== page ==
It’s easy to implement, easy to track and cheap to run. And can generate huge sales.
But you have to build that database up first, as Nate Tsang, the founder of WallStreetZen explains:
“When we first started the website, what we first focused on was creating and growing our database,” he says.
“From strategizing our email marketing to ensuring leads are captured, we keep on ensuring that our database keeps increasing. We also experimented with Google Ads and pop-ups.”
There are many other ways to build that list too including:
- Creating an email opt-in box on your homepage
- Creating a popup form across your whole site
- Adding a checkbox on checkout
- Creating a squeeze page – a page where you send traffic to capture email addresses
- Adding a discount in exchange for an email address
- Sharing it on social media
If you’re looking at getting started, AWeber is a great tool to use. It comes with a drag and drop editor, pre-built templates, sales tracking, plus loads more, and is completely free until you reach over 500 subscribers.
The power of influencer marketing has been known for decades, maybe centuries. But in 2021, with social media being such a huge part of our day to day lives, it’s more powerful than ever and anyone can be an influencer.
“Social media and Instagram, in particular, played a significant role in our business model early on,” explains Dan Potter, the co-founder of CRAFTD London.
“Since we began, we have used influencers to run brand recall, set the tone, and introduce us to a broader audience before launching a new product. Using micro-influencers (100k or fewer followers) because they can dig deeper into the niches and spell an excellent conversion rate has proven successful, as they generally have a more loyal following.”
And that’s the thing. When influencer marketing was prevalent before the digital age you were having to pay celebrities thousands to endorse your product, but now you can pay as little as $20.
You can get them to wear your product on their social media account, you can get them to write a blog, you can get them to review your product on YouTube, you can do whatever you think will work.
Influencer marketing once upon a time was either laughed at or thought to only be for the rich. Now it’s for everyone. And it’s super effective.
Sponsored Articles or Media Buys
Okay, so this one may be for the rich. Sponsored articles or media buys are where you pay to write an article on a publisher’s website or send a newsletter to their database.
There are huge advantages to this as you can imagine. We’ve done it previously with SearchEngineLand where we’ve written about the future of digital marketing and why our product is so important in its future, and then sent out an email to readers advertising our product.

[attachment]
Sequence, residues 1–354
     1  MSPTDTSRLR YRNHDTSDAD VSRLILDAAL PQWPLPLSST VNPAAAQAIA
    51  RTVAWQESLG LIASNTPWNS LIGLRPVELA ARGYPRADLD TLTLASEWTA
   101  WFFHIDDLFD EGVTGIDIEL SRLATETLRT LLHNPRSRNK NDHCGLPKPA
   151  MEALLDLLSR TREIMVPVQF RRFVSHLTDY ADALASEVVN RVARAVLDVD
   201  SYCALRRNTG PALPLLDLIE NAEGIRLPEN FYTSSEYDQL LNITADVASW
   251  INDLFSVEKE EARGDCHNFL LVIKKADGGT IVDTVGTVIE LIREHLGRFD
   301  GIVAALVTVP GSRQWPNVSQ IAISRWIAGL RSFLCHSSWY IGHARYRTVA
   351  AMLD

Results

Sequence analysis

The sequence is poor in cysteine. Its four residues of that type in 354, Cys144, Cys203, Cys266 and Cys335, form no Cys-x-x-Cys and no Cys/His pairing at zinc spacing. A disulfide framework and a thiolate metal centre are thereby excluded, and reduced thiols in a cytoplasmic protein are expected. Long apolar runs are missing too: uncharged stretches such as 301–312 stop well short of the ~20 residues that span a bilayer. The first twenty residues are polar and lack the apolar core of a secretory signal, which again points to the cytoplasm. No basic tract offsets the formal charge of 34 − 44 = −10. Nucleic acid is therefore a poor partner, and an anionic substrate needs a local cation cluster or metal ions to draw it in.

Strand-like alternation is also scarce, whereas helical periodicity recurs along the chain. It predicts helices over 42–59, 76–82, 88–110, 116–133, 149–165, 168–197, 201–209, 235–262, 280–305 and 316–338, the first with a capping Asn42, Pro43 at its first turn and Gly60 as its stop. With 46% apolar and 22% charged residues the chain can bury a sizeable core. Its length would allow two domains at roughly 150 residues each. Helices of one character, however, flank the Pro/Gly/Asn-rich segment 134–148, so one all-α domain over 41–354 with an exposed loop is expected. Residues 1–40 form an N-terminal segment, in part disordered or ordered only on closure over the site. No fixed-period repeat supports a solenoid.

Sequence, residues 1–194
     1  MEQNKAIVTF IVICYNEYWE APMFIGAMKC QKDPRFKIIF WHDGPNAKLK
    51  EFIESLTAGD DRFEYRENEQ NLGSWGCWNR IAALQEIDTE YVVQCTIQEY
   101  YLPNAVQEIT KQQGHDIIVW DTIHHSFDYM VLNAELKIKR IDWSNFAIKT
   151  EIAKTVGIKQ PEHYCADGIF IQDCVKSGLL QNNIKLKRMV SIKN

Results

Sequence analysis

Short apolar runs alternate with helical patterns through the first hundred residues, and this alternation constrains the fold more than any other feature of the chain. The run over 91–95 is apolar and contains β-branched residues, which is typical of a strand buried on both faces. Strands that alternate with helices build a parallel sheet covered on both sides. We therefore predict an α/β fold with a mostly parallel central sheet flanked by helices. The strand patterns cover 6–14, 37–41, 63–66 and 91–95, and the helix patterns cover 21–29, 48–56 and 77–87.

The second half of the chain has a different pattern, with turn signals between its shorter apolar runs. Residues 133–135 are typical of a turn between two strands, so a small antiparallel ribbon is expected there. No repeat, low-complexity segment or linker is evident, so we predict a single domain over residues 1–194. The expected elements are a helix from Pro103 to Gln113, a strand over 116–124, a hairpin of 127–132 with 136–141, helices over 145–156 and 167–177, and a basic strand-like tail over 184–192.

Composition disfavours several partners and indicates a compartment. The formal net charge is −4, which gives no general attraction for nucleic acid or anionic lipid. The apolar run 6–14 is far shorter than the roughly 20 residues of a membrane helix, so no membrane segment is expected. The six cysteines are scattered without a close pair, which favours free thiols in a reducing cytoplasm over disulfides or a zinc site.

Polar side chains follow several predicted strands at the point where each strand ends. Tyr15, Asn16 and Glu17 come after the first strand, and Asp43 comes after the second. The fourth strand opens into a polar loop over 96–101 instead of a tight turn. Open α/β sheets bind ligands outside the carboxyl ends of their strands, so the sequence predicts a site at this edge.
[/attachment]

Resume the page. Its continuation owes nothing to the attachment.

SearchEngineLand has tens of thousands of readers every day with an even bigger email readership, so to put our product in front of so many people at once is a great way of getting customers through the door.
But like I say, it’s not cheap. You can expect to pay between $2k and upwards of $20k depending on where you advertise, but the results are obvious.
So whether it’s something you can afford now or later down the line, it’s definitely worth considering.
Get into PPC advertising
- Decide which PPC channel is best for your business by researching the audiences and using our infographic
- Download, read and digest the free Ultimate Guide to Google Ads ebook
- Use Adzooma for free to make the management of your Google, Microsoft and Facebook campaigns much easier
Try out email marketing
- Build up your database by trying things like pop ups, squeeze pages and tick boxes on checkout forms
- Use AWeber for free to manage your database and send email campaigns
Explore influencer marketing
- Have a browse of the influencers and micro-influencers in your industry
- Think of campaigns influencers could get involved with to promote your product or service
Consider sponsored articles or media buys
- Discover the main media publications in your industry
- Speak to their sales team about the cost of a media buy and their audience data
I hope you’ve enjoyed this four part journey.
But before we finish, I just want to talk about the importance of not operating within a silo. In this piece especially, we’ve looked at the different types of digital marketing channels where you can be successful, but it’s so important not to get attached to one particular channel.
Opening yourself up across multiple channels may take a little bit more time and effort, but it keeps you agile, it puts you in front of a wider audience, and it allows you steer clear of the whims of one particular company.
“You must determine what kind of digital marketing professional you want to be,” says Danny Veiga from Danny Veiga Marketing.
“For instance, do you want to be a master of one or a jack of all trades? Do you want to focus on social media marketing, or do you want to cover all components of digital marketing. As I moved through the field of digital marketing, I found expertise in social media marketing, SEO, content writing, etc. Start small and take little steps.”
By finding expertise in more than one area, you can then begin to work on short and long term strategies together, as Brad Tousenard, the founder of SpinupWP explains:
“Our content was designed to draw in organic search engine traffic but we knew this would be a medium to long-term strategy. We knew that paid ads could generate us traffic immediately so we prioritized this in the short term. Most of our initial customers come through paid ads. As our site matured more and more of our customers came through organic search and within six months, 37% of our leads were generated from organic search.”
And that’s the key. If you can balance the long term and the short term strategies together, you’re almost guaranteed success.
Now go have fun out there!